Jessica Simpson celebrated her baby shower this weekend (after getting a cupping treatment for her very swollen pregnancy feet) and her theme and IG captions have fans thinking this was not just a shower, but a baby name announcement as well.

Simpson (who is expecting her third child with former NFL player Eric Johnson) captioned two photos of her shower as "💚 Birdie's Nest 💚". The photographs show Simpson and her family standing under a neon sign spelling out the same thing.

While Simpson didn't explicitly state that she was naming her child Birdie, the numerous references to the name in her shower photos and IG stories have the internet convinced that she's picking the same name Busy Philips chose for her now 10-year-old daughter.

The name Birdie isn't in the top 1000 baby names according to the Social Security Administration, but It has been seeing a resurgence in recent years, according to name nerds and trend watchers.

"Birdie feels like a sassy but sweet, down-to-earth yet unusual name," Pamela Redmond Satran of Nameberry told Town and Country back in 2017. "It's also just old enough to be right on time."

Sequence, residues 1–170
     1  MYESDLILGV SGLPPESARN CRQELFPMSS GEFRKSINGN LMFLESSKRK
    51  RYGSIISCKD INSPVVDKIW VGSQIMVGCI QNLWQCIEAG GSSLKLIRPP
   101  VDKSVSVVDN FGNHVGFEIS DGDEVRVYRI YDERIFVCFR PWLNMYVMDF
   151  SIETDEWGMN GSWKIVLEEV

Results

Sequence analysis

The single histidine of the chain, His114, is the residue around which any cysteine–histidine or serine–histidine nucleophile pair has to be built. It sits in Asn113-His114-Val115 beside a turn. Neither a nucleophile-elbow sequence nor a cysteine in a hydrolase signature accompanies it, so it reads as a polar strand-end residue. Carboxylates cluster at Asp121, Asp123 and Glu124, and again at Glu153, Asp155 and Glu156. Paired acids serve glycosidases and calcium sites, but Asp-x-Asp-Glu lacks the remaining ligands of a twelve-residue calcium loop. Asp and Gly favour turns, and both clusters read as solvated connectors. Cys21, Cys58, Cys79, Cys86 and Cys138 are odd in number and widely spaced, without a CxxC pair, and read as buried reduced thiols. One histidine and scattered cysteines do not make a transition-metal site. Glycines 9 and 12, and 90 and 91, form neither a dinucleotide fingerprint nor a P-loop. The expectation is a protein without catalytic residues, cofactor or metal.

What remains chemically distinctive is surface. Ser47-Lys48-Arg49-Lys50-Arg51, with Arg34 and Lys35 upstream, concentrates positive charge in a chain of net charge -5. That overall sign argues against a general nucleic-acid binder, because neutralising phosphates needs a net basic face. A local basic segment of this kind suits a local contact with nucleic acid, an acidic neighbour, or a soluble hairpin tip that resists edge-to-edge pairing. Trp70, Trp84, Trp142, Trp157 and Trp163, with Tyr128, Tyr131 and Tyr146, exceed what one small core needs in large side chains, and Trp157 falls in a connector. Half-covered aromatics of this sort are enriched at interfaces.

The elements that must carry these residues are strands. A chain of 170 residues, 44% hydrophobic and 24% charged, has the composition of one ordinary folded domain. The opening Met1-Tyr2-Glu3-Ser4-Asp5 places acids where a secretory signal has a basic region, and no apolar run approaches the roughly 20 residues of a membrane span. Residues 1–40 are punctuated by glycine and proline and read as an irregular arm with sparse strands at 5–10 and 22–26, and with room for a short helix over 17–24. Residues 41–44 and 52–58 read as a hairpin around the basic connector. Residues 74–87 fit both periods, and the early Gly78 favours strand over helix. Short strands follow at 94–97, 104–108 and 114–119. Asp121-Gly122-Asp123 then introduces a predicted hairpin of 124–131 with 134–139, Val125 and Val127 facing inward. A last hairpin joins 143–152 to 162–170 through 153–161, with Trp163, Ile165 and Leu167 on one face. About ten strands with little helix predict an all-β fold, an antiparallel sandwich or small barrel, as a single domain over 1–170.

Simpson's older kids are called Maxwell and Ace, which both have a vintage feel, so if Birdie really is her choice, the three old-school names make a nice sibling set.

Whether Birdie is the official name or just a cute nickname Simpson is playing around with, we get the appeal and bet she can't wait for her little one to arrive (and her feet to go back to normal!)

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Mamas, if you hire a cleaning service to tackle the toddler fingerprints on your windows, or shop at the neighborhood grocery store even when the deals are better across town, don't feel guilty. A new study by the University of British Columbia and Harvard Business School shows money buys happiness if it's used to give you more time. And that, in turn could be better for the whole family.